41 Commando (RM)

Discussion in 'Commandos & Royal Marines' started by Mark Hibberd, Aug 19, 2018.

  1. Mark Hibberd

    Mark Hibberd New Member


    I am trying to find any info on Fredrick Covell, 41 Commando, Fred is my wife Natasha's grandad and died quite a few years ago now. Our boys have been doing what there family did during the second world war.

    Nat's knows Fred was in 41 Commando and believes he fought in Italy and Normandy. Fred never talked about the war so any details would be gratefully received.

    ritsonvaljos likes this.
  2. Historic Steve

    Historic Steve Researching 21 Army Group/BAOR post VE day

    Can only help post VE Day 8 May 45
    41st Commando Battalion Royal Marines under command 4th Commando Brigade Royal Marines
    Battalion Headquarters: unknown in Holland
    30 May 45 – Borken east of Bocholt Germany for train guard duties
    6 Jul 45 – Recklinghausen north-west of Dortmund now under command 9th Infantry Brigade of 3rd Infantry Division employed as Internment Camp guards
    8 Jul 45 – Warburg south-east of Paderborn
    8 Sep 45 – Recklinghausen north-west of Dortmund
    26 Nov 45 – to United Kingdom

    Hope this helps
    ozzy16 likes this.
  3. Mark Hibberd

    Mark Hibberd New Member

    Thanks Historic Steve

    A great start to piercing together Fred's WW2 journey.
  4. ritsonvaljos

    ritsonvaljos Senior Member

    As family you should be able to apply for Frederick's service record from the M.O.D. There is a fee but it will tell you every detail you want to know (and more) about his wartime service. Definitely worth obtaining and it would stop any guessing about where he was and what he might have done.
  5. Tricky Dicky

    Tricky Dicky Don'tre member

  6. minden1759

    minden1759 Senior Member

    41 Cdo RM were part of Layforce during the Salerno landings of 9 Sep 43. The other unit was 2 Army Cdo.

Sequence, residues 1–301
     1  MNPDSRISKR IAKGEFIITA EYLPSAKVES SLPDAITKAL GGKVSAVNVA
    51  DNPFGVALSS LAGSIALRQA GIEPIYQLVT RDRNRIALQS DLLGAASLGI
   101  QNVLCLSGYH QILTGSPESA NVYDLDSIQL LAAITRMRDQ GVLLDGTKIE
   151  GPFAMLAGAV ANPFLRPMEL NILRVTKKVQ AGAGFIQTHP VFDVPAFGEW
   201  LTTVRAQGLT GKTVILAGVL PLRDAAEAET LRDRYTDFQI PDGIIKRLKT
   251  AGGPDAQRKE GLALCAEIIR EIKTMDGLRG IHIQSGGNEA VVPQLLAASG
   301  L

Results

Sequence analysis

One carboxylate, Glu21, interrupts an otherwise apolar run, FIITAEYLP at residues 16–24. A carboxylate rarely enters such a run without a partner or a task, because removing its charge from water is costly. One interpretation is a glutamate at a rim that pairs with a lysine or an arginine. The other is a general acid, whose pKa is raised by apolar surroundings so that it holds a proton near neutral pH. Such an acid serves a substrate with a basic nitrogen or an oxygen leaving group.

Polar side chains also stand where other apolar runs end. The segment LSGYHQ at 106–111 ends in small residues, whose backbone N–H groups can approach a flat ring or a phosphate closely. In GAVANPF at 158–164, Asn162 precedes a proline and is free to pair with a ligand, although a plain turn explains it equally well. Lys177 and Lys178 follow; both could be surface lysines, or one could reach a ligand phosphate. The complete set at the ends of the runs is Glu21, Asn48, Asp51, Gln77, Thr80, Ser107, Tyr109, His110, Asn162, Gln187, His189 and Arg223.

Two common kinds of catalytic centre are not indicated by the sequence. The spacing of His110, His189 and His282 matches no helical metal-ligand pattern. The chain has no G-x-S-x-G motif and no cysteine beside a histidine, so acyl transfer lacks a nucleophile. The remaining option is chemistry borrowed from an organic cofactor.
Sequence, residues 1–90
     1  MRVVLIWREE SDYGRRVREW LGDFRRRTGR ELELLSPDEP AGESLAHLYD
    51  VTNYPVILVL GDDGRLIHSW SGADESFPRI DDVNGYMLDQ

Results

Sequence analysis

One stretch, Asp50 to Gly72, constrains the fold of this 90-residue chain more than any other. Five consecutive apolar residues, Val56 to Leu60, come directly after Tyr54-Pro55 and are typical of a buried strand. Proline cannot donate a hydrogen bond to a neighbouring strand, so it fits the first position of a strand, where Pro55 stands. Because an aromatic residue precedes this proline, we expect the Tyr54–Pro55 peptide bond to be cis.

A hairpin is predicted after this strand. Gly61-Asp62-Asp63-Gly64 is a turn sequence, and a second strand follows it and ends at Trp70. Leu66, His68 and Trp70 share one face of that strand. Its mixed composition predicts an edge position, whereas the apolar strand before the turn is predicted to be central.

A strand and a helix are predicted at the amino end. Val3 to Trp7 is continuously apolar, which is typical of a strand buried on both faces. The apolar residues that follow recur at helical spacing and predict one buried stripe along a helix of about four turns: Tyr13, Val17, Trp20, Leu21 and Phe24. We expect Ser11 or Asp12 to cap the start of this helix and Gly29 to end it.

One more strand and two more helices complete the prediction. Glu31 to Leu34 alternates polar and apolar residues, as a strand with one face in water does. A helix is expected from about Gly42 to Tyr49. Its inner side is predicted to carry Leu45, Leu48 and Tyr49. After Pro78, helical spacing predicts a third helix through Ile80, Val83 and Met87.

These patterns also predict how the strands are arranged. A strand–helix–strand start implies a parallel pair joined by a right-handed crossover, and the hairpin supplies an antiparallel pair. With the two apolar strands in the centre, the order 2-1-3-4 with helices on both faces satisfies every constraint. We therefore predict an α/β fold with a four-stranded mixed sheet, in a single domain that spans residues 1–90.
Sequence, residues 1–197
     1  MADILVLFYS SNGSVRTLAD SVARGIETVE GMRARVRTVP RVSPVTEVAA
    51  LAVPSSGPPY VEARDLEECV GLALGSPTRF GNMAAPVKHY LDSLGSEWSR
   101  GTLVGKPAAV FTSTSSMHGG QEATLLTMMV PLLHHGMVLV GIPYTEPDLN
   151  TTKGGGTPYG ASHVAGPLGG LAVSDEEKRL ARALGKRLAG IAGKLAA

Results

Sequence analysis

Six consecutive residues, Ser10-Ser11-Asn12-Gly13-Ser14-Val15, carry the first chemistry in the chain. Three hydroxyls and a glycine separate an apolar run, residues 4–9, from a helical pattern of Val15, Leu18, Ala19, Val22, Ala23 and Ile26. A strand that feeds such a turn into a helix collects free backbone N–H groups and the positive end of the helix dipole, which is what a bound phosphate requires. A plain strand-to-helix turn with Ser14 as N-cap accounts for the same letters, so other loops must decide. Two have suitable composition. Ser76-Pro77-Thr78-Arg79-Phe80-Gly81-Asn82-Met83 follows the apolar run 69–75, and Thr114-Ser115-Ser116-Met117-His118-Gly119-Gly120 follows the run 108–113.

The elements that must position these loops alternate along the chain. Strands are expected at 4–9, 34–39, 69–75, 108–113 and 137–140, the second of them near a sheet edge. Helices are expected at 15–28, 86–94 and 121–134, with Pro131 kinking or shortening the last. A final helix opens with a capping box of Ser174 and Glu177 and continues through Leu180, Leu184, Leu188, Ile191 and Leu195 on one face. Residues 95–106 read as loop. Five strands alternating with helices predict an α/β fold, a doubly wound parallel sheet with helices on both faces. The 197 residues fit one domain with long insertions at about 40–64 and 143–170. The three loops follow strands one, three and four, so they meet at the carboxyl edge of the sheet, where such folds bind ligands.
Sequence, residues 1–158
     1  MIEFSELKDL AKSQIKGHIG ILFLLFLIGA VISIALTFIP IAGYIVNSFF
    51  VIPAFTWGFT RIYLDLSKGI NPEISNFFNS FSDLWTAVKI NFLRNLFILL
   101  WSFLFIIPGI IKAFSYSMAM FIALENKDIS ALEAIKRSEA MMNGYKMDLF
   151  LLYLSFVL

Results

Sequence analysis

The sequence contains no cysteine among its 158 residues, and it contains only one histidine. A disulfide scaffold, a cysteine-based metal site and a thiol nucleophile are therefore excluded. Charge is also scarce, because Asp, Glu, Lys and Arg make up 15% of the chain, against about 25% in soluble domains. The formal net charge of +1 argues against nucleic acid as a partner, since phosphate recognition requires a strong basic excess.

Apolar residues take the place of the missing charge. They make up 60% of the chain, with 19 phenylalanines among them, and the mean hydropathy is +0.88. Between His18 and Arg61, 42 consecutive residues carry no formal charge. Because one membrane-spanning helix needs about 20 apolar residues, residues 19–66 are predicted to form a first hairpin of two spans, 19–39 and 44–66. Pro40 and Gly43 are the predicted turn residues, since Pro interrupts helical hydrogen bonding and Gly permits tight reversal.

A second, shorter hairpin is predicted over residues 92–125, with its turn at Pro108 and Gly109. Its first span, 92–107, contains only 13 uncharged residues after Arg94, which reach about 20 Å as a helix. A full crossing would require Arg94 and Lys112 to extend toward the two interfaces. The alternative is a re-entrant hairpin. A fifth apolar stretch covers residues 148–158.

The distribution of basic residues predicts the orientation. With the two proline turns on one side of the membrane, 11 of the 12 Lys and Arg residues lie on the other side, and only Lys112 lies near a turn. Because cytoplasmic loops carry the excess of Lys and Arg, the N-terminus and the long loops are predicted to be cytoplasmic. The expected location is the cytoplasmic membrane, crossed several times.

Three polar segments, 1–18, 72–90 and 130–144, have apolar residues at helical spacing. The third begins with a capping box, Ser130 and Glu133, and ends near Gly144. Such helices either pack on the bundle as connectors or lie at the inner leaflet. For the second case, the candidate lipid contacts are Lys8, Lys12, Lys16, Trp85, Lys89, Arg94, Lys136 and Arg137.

Their task at Salerno was to secure the La Molina Pass and prevent the Germans from bringing soldiers down from Naples to interfere with the landings. It was supposed to be a 24 hour job but it lasted nearly a week.

    They were led by an extraordinary chap called Churchill. He and his men did some brilliant things at Piegolelle and have a hill named after them.

    Read the book by Hugh Pond.


    canuck likes this.
  7. Mark Hibberd

    Mark Hibberd New Member

    Thanks for the advice will look into the book.
  8. Tom OBrien

    Tom OBrien Senior Member


    Also look for ‘They did what was asked of them’ which covers the whole of 41 RM Commando’s war. It’s by Raymond Mitchell who served with them during WW2 and has also written a memoir called ‘Royal Marine Commando’ which is good for Sicily and Salerno.

    They took part in invasions of Sicily in July 43, Italy in September 43 before returning to UK to take part in invasion of Normandy. Then up through France and Belgium before amphibious attack on Walcheren to open up Antwerp before ending the war in Germany.

    One difficulty with research is that the unit’s war diary for 1943 has disappeared. Good news, however, is that the war diary for 1944 is at Kew.


    No.4CommandoBairn likes this.
  9. Tom OBrien

    Tom OBrien Senior Member


    I think Churchill commanded 2 Commando, rather than 41 RM Commando. You are right though they certainly all ‘did some brilliant things’!


    No.4CommandoBairn likes this.
  10. TTH

    TTH Senior Member

    If you get really stuck, I know the family of an old 41 RM. I can always get in touch and see if they'd be interested in responding to an inquiry, though I don't know how much their father told them or left behind at his death.
  11. minden1759

    minden1759 Senior Member


    I think that you are right. He commanded 2 Army Cdo.


    No.4CommandoBairn likes this.
  12. Keith McIntosh

    Keith McIntosh New Member

    Hi Mark

    I went for a few pints every week for 25 years with Fred. I often asked questions about his service and operations, but he never talked about them

    There was only one occasion when he said that they were making a landing at Salerno at night and had to dig in overnight for a dawn raid. He said that the orders were for total silence and during the night the trenches they had dug were overrun by rats. Normally rats were not an issue as they would have killed them but if they are not killed on the first strike they squeal. They had to endure these creatures crawling over them all night.

    Let me know how you get on. We are applying for Fred's service medals as Doris did not.

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